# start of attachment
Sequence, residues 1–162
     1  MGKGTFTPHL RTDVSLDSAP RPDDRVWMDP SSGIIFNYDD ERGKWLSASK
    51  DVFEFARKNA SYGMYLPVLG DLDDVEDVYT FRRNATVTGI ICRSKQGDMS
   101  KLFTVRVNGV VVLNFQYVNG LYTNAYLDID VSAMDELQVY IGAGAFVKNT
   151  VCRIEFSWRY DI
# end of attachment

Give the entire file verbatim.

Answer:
Sequence, residues 1–162
     1  MGKGTFTPHL RTDVSLDSAP RPDDRVWMDP SSGIIFNYDD ERGKWLSASK
    51  DVFEFARKNA SYGMYLPVLG DLDDVEDVYT FRRNATVTGI ICRSKQGDMS
   101  KLFTVRVNGV VVLNFQYVNG LYTNAYLDID VSAMDELQVY IGAGAFVKNT
   151  VCRIEFSWRY DI